If you're tired of feeling like a human pin cushion from thrice-weekly injections of alpha interferon to treat hep C, here's good news: In October, the FDA approved Pegasys, Roche's new "pegylated" interferon, which controls C in nearly four out of 10 patients. While Schering-Plough markets a near-identical version as Peg-Intron, experts such as Jules Levin, the National AIDS Treatment Advocacy Project's ED and a 19-year coinfection vet, give a slight edge to Pegasys. What's the diff? Peg-Intron is a powder (add water), dosing is weight-based and it may be a bit tougher to tolerate than Pegasys, which is already a liquid and has standardized dosing.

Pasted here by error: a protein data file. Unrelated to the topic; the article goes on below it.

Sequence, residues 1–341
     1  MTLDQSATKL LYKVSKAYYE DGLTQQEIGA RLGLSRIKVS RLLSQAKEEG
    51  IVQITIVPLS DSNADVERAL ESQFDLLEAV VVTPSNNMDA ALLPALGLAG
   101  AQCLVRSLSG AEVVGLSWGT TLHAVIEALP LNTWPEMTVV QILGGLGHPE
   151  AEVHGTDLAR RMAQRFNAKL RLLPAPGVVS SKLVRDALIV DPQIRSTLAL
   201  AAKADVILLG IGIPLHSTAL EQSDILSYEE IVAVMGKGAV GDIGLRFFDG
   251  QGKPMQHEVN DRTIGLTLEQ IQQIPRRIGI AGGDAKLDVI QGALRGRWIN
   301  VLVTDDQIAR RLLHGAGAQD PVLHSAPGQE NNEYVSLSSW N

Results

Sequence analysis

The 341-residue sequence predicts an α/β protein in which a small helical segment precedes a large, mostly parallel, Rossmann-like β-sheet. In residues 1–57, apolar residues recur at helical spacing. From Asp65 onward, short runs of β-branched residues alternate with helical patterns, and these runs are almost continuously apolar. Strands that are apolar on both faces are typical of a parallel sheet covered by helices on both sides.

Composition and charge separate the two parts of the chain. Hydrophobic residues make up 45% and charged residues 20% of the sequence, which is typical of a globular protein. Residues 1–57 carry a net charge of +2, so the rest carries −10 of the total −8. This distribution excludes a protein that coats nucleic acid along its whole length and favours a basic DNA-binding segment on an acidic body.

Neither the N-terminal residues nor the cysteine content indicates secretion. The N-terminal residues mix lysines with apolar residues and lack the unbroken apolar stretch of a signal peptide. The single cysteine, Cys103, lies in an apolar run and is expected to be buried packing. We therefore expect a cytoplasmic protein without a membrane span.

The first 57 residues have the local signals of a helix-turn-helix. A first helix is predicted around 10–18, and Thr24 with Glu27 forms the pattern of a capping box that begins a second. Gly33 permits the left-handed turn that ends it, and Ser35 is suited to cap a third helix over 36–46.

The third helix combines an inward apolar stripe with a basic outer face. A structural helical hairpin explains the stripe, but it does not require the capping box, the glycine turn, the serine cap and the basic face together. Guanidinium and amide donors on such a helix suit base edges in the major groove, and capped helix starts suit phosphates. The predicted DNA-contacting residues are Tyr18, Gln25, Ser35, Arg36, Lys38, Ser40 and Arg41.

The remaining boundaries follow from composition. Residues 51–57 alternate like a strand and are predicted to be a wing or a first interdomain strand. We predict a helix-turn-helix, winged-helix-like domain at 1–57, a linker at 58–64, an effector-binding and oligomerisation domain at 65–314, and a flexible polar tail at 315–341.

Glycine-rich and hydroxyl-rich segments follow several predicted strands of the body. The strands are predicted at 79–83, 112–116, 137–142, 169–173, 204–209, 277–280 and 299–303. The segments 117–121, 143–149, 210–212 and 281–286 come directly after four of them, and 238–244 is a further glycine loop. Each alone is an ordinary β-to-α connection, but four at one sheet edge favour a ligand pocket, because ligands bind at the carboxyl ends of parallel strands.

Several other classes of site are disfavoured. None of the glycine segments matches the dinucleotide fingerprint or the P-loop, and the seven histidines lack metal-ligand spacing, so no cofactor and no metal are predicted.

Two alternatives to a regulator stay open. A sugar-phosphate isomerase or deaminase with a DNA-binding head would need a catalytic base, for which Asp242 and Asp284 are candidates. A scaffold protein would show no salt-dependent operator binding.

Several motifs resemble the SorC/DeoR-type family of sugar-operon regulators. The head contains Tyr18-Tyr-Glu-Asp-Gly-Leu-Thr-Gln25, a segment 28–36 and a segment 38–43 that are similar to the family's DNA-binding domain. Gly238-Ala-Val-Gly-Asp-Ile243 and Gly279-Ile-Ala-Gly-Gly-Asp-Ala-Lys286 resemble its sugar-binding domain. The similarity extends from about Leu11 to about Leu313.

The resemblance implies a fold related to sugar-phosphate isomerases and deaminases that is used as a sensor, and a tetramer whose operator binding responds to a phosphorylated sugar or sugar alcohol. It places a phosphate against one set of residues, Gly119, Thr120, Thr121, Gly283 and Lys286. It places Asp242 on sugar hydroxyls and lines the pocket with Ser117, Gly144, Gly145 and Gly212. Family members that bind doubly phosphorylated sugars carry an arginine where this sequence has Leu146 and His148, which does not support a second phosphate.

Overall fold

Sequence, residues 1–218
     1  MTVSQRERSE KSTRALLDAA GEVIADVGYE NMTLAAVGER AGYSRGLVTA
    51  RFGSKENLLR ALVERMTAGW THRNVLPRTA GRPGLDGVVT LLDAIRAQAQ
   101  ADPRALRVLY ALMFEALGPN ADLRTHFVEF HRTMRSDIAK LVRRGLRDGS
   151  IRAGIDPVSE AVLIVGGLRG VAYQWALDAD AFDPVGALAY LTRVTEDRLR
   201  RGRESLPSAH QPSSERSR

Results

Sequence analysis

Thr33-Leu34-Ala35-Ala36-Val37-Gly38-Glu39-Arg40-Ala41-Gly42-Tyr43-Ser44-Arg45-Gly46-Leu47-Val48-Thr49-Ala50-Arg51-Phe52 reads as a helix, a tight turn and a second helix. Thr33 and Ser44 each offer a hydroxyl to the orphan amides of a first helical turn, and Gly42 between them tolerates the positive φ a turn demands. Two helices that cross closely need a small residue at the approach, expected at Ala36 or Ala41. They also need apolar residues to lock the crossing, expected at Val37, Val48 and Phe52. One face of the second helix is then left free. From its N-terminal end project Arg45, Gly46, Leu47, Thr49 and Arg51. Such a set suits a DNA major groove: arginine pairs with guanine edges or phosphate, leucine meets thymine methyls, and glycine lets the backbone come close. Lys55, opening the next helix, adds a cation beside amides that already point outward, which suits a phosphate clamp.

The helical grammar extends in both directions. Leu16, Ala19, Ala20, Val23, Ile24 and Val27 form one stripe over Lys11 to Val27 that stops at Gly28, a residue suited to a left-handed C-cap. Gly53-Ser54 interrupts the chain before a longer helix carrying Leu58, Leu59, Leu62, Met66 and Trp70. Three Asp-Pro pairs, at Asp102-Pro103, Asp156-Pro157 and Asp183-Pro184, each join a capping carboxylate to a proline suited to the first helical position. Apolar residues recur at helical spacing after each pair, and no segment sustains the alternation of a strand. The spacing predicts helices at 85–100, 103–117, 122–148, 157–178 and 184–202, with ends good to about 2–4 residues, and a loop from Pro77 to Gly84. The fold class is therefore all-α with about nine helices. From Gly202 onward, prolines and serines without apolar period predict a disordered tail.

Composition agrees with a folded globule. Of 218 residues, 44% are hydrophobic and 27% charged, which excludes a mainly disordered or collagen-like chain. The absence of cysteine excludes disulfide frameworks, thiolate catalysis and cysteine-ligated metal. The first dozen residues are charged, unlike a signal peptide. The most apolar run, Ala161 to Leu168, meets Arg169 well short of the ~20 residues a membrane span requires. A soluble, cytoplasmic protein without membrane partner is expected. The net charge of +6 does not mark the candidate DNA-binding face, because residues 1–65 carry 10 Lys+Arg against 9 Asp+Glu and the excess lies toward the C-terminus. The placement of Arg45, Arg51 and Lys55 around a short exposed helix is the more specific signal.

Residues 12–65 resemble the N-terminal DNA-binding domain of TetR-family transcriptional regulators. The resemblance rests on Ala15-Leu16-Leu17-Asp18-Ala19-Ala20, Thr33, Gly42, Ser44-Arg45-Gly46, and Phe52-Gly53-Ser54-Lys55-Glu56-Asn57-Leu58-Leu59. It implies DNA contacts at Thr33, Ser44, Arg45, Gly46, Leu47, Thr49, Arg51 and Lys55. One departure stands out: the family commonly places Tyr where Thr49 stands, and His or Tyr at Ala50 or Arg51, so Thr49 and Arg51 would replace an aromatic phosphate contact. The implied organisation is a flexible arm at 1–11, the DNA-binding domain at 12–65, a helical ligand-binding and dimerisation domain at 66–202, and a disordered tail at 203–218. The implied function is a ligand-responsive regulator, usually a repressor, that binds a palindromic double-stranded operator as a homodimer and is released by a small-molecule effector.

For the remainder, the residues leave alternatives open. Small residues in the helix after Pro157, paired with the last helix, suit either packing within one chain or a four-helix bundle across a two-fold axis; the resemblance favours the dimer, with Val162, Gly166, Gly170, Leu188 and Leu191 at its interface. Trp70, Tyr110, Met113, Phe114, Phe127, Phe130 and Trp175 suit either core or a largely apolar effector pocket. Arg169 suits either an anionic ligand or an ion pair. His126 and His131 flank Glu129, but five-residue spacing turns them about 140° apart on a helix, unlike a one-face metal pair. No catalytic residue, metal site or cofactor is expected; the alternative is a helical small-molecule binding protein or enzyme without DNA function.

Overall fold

The "pegylation" process adds a chemical tail to the interferon, allowing the med to stay in your blood longer and at more consistent levels -- and allowing you to stick it to you just once a week. Alas, the tail has not whipped interferon's famous "flu from hell" symptoms, but many hep Cers report that they are diminished.
Meantime, a posse of top activists penned a protest to the Swiss giant, slamming its new drug's "let-'em-eat-cake" price tag: At $13,963 for a year's treatment, the Pegasys price tops Peg-Intron by some $800. After "work[ing] with the FDA to clear the path for approval," the letter reads, "we experience this as betrayal." To its credit, Roche is offering 12 weeks of Pegasys -- long enough to see if the drug works for you -- free to the first 15,000 to apply. Ask your doc to call 877.PEGASYS.